Relay Roundup: Men’s 4×200 Freestyle Relay Split Breakdown

2016 RIO OLYMPIC GAMES

Team USA ran away with their fourth straight 4×200 freestyle relay gold medal tonight.  Here’s a breakdown of how it happened:

GOLD: United States – 7:00.66

Conor Dwyer – 1:45.23
Townley Hass – 1:44.14
Ryan Lochte – 1:46.03
Michael Phelps – 1:45.26

 

An easy win (predictably) for Team USA–it helps when you have three of the five fastest splits in the event.  The front half of the relay was as good as you could ask for; Conor Dwyer was right on his personal best, and Townley Haas turned in the fastest split in the entire field (an incredible 1:44.14).  By the time Haas was done, the lead was stretched to two full seconds, with two of the world’s greatest swimmers about to hit the water.

There were some major grumblings around the absence of Jack Conger in the final; Michael Phelps was added to the final relay, despite not swimming the 200 freestyle at Olympic Trials.  In addition, Conger actually out-split Ryan Lochte in prelims, but Lochte played it very safe on the start and didn’t have any competition as the preliminary anchor leg.  After his 47.12 split in the 4×100 freestyle relay, there’s no question Michael Phelps belonged on this relay, and he backed it up.  Even after the 200 fly final, Phelps split a half-second faster than Conger or Ryan Lochte did in prelims.  However, even without the hindsight of tonight’s splits, there’s arguments that Conger should have gotten the nod over Lochte, who was just a 1:46.03.

SILVER: Great Britain – 7:03.13

Stephen Milne – 1:46.97
Duncan Scott – 1:45.05
Dan Wallace – 1:46.26
James Guy – 1:44.85

 

A silver was as good as it was going to get for the British; with Team USA bringing their ‘A’ squad, retaining the championship belt from Kazan was unlikely.  Britain has really rebounded from a poor showing at their Olympic Trials.  Stephen Milne was near his best leading off (1:46.97), Dan Wallace held strong in the third spot relative to his flat start best of 1:47.04, and James Guy did what was necessary to secure a silver medal.

The true difference maker, though, was Duncan Scott, who continued his career meet with a 1:45.05 split, which is more than two seconds faster than his best ever flat start of 1:47.28.  Scott nabbed a spot in the 100 freestyle final tomorrow, and has to have incredible momentum and confidence after his relay swim tonight.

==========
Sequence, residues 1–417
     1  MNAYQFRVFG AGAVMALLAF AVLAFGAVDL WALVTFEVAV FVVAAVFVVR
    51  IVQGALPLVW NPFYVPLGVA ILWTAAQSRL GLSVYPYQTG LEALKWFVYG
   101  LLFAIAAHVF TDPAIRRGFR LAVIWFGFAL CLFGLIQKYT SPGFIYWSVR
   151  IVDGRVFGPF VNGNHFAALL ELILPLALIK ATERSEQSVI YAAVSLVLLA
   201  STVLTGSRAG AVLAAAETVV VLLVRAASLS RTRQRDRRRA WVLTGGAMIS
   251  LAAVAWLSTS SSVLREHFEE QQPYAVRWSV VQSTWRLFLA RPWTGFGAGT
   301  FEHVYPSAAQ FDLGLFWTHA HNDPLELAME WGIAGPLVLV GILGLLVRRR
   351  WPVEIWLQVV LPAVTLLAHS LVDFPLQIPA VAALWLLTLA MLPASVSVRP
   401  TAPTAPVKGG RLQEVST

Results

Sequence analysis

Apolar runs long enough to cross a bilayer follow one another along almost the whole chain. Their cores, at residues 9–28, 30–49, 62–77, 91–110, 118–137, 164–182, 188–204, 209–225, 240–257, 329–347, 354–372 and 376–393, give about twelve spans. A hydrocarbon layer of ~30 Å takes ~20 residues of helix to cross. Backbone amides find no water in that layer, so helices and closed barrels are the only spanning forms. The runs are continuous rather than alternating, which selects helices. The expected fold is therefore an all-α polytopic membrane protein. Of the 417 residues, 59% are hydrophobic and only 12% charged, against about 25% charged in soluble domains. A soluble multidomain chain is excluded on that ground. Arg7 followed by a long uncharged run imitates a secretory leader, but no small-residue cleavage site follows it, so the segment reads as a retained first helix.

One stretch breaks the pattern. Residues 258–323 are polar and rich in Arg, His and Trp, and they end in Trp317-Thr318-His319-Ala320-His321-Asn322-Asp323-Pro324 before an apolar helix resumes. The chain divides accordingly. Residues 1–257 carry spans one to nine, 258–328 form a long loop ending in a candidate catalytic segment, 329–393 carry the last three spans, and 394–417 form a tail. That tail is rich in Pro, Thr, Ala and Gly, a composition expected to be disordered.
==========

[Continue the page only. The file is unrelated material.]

BRONZE: Japan – 7:03.50

Kosuke Hagino – 1:45.34
Naito Ehara – 1:46.11
Yuki Kobori – 1:45.71
Takeshi Matsuda – 1:46.34

A pleasant surprise for the Japanese, who haven’t medaled in this event since they hosted the games in 1964, and hasn’t been a factor at Worlds in recent memory.  Kosuke Hagino was–unsurprisingly–consistently excellent leading off, but Yuki Kobori was the story, with a 1:45.71 third leg that was nearly 1.5 seconds under his best flat start time.  Naito Ehara and Takeshi Matsuda both did their jobs, outsplitting their personal bests.

4TH: Australia – 7:04.18

Thomas Fraser-Holmes – 1:45.81
David McKeon – 1:45.63
Daniel Smith – 1:47.37
Mack Horton – 1:45.37

Another stomach-punch moment for Australia.  A week ago, there was no way the Aussies don’t win a medal, but an interesting personnel choice and a quick Japanese squad kept them off the podium.  The Australian coaching staff elected to leave both Cameron McEvoy and Kyle Chalmers off in favor of Daniel Smith, who split just 1:47.37 in the third spot, taking the Aussies out of the race.

It wasn’t all bad for Australia, though; David McKeon rebounded from a disastrous 1:48.38 individual swim with a great 1:45.63 split (his personal best flat start is 1:46.33), and Mack Horton continued his excellent meet with a 1:45.37 anchor leg.

5TH: Russia – 7:05.70

Danila Izotov – 1:46.72
Aleksandr Krasnykh – 1:45.67
Nikita Lobintsev – 1:46.31
Mikhaul Dovgalyuk – 1:47.00